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To Become a Martyr

Updated on June 29, 2011

The Making of a Martyr

It takes a process to become a martyr. First you have to have a cause. It can be meaningful, murderous, or insane. After you have created your business plan for your cause then find a few relevant people to believe in your plan.

Once you have gotten a few million dollars from some who believe in your ideals, regardless of how radical or dangerous they are, you can begin to spread your word to the uneducated members of society.

After you have convinced much of the masses to believe your ideals, and buy into your rhetoric, it is time to go forward. Take care to keep your name in the process but your face far enough away that you are not physically harmed. Get others to trust in your commands and follow through with them. The understanding is that if you carry out the orders of your leaders then you will be going to the greatest place once you've sacrificed your life for the cause.

Then, the leader has to die.

Martyrs have occurred through History. There is the biggest name in martyrdom, Jesus Christ, who gave his life so that others would live. Was his message insane? Absolutely not. Was he murderous? Not even slightly. Was his message meaningful? Well, after 2000 years the message is still going strong. We wish that more would follow this message but there are other thinkers with other ideas out there.

Our current potential martyr is Osama Bin Laden. He was a great leader. He was charismatic and had money to burn. Even after his family in Saudi Arabia disowned him, and he was restricted from returning to the country of his home, he managed to collect funds from those who were willing to follow him. He had backers from around the world. It took Bin Laden a while, but even in the 1990's he was showing the signs of being a dangerous man.

Osama Bin Laden hid from his enemies, quietly lying in wait. He convinced intelligent people to attend American universities (much like he did himself) and learn about jet fuel, learn about architechture, and structural integrity. He convinced others to learn how to fly jet planes. Then, after several years of patiently waiting for everything to be completed, he convinced these skilled and educated individuals to board four separate American jet planes and take them over, crash them into the financial center of our country--the tallest towers in New York City, the military stronghold--The Pentagon, and the failed hit on the White House, the center of our great leadership.

His first mistake was believing he would break the greatest country in the world. Instead he made us temporarily stronger. After the attacks on 9/11 we bonded together as a country. Our first thought was to protect those of Islam faith who lived in this country. We embraced our friends and were kind to those we disagreed with. Our first and last thought was to stay strong and bite back at the dog that bit at our heels. We entered into war with al-Qaida.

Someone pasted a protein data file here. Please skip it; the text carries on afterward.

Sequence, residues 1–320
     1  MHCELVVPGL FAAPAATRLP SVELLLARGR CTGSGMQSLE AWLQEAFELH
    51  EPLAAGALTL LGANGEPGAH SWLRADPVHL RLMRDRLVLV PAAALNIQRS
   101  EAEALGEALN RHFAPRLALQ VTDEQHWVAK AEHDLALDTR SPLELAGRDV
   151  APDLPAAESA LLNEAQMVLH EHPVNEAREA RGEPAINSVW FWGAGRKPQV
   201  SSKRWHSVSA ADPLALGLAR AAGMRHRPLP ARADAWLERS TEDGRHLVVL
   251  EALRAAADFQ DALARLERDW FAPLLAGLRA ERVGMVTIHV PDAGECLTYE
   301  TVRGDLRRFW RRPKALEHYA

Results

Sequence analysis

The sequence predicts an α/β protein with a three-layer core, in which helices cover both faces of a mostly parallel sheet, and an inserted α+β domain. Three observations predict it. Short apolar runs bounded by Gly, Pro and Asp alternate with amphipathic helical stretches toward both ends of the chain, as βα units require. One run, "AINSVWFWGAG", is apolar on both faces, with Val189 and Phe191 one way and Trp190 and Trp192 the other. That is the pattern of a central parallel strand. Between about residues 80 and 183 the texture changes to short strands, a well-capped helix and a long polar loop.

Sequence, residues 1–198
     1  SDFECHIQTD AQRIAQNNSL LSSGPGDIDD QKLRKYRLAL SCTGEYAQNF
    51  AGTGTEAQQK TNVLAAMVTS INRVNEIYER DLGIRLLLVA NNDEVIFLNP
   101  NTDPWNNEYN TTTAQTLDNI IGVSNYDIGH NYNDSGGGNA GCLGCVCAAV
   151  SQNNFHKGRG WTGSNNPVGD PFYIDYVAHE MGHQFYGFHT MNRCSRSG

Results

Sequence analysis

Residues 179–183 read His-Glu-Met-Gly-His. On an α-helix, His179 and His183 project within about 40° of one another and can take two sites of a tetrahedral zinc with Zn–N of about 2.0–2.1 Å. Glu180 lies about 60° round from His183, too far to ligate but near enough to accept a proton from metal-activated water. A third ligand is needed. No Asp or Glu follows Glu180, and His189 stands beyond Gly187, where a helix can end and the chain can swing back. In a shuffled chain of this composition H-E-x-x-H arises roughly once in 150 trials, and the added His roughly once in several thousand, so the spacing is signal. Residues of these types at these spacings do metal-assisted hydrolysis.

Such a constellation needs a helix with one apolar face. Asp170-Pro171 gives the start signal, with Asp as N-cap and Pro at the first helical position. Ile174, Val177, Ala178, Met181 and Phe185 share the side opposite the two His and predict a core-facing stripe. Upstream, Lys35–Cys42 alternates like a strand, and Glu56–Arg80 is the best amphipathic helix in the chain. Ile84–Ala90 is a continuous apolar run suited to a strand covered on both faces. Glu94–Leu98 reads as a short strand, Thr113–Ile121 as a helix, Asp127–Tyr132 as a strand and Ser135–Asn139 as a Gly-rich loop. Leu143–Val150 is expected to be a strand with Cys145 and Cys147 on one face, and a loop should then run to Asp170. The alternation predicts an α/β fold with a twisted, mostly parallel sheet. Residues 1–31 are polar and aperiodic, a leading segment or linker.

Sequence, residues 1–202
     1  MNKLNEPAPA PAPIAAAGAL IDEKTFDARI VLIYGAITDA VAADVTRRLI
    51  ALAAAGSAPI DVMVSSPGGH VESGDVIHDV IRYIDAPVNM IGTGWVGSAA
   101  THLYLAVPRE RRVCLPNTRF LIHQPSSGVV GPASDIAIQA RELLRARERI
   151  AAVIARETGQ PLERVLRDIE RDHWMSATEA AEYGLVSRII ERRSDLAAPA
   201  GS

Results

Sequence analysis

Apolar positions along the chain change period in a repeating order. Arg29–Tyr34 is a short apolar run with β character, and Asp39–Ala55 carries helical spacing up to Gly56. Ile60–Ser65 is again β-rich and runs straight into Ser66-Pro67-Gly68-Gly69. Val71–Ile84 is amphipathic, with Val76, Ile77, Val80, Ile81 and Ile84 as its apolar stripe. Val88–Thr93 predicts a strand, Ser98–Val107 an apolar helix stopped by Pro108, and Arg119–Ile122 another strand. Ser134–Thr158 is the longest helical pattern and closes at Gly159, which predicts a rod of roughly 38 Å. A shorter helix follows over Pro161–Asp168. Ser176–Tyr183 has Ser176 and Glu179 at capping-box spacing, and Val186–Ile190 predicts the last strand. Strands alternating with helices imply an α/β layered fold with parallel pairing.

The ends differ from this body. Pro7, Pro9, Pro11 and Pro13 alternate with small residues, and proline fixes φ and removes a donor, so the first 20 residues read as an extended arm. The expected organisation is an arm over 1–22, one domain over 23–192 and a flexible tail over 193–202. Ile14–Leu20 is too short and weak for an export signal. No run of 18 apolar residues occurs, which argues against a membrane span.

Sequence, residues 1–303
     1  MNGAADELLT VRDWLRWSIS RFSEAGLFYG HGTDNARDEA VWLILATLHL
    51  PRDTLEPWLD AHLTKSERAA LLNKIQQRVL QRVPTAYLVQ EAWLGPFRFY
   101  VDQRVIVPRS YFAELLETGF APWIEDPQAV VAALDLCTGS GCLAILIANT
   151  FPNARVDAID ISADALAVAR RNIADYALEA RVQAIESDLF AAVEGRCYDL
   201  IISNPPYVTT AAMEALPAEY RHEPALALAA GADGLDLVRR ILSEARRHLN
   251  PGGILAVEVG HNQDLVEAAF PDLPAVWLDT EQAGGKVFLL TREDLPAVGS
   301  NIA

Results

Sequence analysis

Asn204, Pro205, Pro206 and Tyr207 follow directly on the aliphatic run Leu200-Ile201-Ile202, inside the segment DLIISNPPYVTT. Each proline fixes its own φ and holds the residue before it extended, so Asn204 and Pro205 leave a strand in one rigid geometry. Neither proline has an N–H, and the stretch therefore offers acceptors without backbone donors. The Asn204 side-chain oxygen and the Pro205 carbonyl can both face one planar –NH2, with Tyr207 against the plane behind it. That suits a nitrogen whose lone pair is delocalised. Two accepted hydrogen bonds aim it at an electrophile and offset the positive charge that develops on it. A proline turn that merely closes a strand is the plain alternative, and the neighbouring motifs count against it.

Nine and a half years later, we've given thousands of American lives, and even more lives of innocent civilians in Afghanistan and neighboring countries in the push to destroy terrorist rings across the world. Our world is not safer, it is more dangerous. Osama Bin Laden was laid to rest on May 2, 2011, after being shot at close range, in the head, and killed in a compound in Pakistan. The troubles are far from over.

Now that Bin Laden is dead, he can be potentially more dangerous than he was as a revered leader of a terrorist organization. Now he has the distinction of being killed for the cause. If America, Western Europe, Canada, and other civilized nations continue to talk about him, his followers will make him a martyr. They will believe that they can get their new strength from revenge. If images of Osama Bin Laden emerge from after his death, those who are lemming followers of the ideals of limiting free thought, limiting women's rights, and limiting religious freedoms will explode out onto the front of our lives once again.

Osama Bin Laden needs to rest in peace and silence. A simple cartoon of Muhammad causes gunfire, what would an actual photograph of Bin Laden, with a bullet shot through his forehead do to these limited al-Qaida operatives? Will they lie down their rifles and cry? I doubt that. They will lift their sabers and rapid fire rifles into the air and run with wonton abandon toward their presumed enemies.

Let the man die. Not only in real life, but in memory as well. If he is not left to die completely then his legacy, and his martyrdom will continue. Do we really want to remember his death? Or would we rather continue to live ourselves? Let's not remind the followers of this ideology that he ever existed at all.


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